Impact of Trade-marks Act amendments on pharmaceutical brand owners



Canada Publication May 2019

The amendments to Canada’s Trade-marks Act taking effect on June 17, 2019, will present a number of advantages to the pharmaceutical industry, but will also raise key issues for consideration for brand owners.

Access to Advantages of a Global Filing System

Canada’s adoption of the Madrid Protocol will permit trademark owners to realize the advantages of a simplified international filing system. Applicants can apply for trademark protection in multiple countries using a single application form sent to one location and paying in one currency. This centralized process will lead to reduced filing costs, lower administrative burdens and enhanced e-services.

Trademark Clearances Will Be More Challenging

Applicants no longer need to state that they have used their trademarks for the listed goods and services.  However “use” remains a requirement to enforce rights. Trademark clearance searches, which help assess the risks of adopting a brand, may become more difficult, expensive and uncertain as the register becomes crowded with trademarks that list unused goods and services. Independent investigations may be necessary.

“Use” and Health Canada Drug Approval

The Health Canada approval process can be lengthy without sale of the product – and consequently no use of the drug name – while approval is pending. Eliminating the requirement that a trademark must be used prior to registration will allow owners to obtain registered trademark protection before the completion of the drug approval process, thus removing the need to file (or request extensions of time to file) declarations attesting to use.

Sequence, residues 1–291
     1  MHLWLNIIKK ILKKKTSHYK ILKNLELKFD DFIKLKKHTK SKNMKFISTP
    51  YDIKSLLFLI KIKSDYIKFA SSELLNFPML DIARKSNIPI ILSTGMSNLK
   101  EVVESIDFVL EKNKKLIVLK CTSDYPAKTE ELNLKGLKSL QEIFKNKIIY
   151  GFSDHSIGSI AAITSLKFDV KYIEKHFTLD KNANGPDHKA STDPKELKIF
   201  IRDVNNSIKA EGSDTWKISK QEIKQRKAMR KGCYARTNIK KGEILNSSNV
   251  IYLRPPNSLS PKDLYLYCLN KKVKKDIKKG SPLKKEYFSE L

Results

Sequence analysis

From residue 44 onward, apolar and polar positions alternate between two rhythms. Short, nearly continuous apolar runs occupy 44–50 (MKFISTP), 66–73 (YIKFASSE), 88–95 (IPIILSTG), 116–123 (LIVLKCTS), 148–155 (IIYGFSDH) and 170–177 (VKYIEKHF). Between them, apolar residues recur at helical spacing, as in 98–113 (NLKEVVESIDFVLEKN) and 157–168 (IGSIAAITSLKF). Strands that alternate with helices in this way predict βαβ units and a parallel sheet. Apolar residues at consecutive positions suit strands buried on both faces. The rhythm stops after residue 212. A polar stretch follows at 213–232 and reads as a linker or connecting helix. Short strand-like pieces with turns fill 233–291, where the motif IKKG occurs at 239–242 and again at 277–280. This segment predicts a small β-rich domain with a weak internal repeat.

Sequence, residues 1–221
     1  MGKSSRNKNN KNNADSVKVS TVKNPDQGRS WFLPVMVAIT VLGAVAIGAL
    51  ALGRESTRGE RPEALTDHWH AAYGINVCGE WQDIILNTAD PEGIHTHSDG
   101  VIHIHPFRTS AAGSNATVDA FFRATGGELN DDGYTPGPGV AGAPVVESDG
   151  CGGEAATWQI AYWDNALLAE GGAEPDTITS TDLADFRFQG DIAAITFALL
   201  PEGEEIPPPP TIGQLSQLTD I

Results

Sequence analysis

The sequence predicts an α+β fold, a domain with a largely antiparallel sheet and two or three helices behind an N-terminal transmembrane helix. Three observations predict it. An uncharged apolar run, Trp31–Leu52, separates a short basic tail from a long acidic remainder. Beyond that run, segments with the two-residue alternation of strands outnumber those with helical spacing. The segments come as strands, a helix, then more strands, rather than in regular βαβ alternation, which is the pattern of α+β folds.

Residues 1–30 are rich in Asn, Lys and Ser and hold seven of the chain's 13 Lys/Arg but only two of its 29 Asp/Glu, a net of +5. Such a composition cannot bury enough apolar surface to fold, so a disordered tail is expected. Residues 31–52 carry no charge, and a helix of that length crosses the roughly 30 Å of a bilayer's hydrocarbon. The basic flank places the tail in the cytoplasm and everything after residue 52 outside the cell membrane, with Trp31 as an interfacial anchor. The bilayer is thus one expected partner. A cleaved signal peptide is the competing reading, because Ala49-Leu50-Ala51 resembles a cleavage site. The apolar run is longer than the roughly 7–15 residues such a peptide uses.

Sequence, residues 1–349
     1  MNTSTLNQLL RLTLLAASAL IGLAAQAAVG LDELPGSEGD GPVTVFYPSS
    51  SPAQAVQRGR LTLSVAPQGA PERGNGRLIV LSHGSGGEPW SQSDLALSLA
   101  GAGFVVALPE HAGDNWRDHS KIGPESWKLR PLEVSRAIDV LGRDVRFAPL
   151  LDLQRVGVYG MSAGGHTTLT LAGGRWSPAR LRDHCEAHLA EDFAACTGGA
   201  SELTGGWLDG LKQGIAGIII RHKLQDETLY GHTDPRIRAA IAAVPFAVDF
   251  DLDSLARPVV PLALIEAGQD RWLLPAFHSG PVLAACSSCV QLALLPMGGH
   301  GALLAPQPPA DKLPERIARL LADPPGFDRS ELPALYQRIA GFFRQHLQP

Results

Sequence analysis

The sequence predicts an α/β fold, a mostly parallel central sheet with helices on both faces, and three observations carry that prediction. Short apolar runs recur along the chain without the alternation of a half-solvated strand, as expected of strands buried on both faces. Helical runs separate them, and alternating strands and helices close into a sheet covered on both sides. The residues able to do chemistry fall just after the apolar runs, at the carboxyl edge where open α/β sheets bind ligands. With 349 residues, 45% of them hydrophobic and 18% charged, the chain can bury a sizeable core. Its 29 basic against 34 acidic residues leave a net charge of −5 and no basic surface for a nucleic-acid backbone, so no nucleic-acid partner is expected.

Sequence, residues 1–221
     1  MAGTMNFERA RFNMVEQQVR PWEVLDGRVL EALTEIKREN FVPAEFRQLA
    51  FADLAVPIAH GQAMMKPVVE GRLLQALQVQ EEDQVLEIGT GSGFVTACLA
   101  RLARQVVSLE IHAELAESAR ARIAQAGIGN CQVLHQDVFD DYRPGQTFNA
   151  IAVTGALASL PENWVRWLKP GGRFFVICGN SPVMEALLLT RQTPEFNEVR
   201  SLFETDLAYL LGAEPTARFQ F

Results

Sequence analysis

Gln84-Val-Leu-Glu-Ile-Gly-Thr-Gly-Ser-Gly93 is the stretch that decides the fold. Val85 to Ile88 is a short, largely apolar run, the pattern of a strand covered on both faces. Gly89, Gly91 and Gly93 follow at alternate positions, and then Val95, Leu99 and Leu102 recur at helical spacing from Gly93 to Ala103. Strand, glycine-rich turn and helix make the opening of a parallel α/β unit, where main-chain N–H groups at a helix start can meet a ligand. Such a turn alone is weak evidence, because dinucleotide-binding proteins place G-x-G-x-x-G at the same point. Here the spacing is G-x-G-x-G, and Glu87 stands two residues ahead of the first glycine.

“Use” will remain an important factor since a registration will be susceptible to a non-use cancellation proceeding beginning three years after the registration date. If there is no use, and an owner cannot establish “special circumstances” justifying the lack of use, the registration will be cancelled. However, it is possible that non-use because of pending Health Canada approval will be deemed a “special circumstance” appropriate to justify maintaining the registration despite no use of the mark in Canada.

Non-Traditional Marks and Examination for Inherent Distinctiveness

Examiners will now evaluate the inherent distinctiveness of a trademark during prosecution. This may create problems for pharmaceutical companies seeking to protect the size, shape, or colour of a pharmaceutical product or other trade dress. The applicant may have to file affidavit and/or survey evidence establishing the reputation and distinctiveness of its trademark across Canada. If proof of distinctiveness is only demonstrated in parts of Canada, the resulting registration will be restricted to those geographic areas in which distinctiveness has actually been established. Given that there is presently no broad requirement for proving distinctiveness marks during prosecution, pharmaceutical owners might consider seeking protection before June 17, 2019, while the more lenient trademark regime remains in effect.  


We recommend taking stock of these legislative implications and adjusting trademark protection strategies accordingly for pharmaceutical clients. 

Particularly, this means:

  • Updating clients on the advantages of the centralized global filing system, which will result in access to trademark protection in foreign jurisdictions and savings; 
  • Reviewing how to overcome the difficulty, costs, and uncertainty of trademark clearances; and 
  • Understanding the onus clients will face when applying for colour, shape and size marks with respect to filing affidavit evidence and/or survey evidence establishing the reputation and distinctiveness of the mark across Canada.

We will monitor and report on any changes once the amendments come into force.


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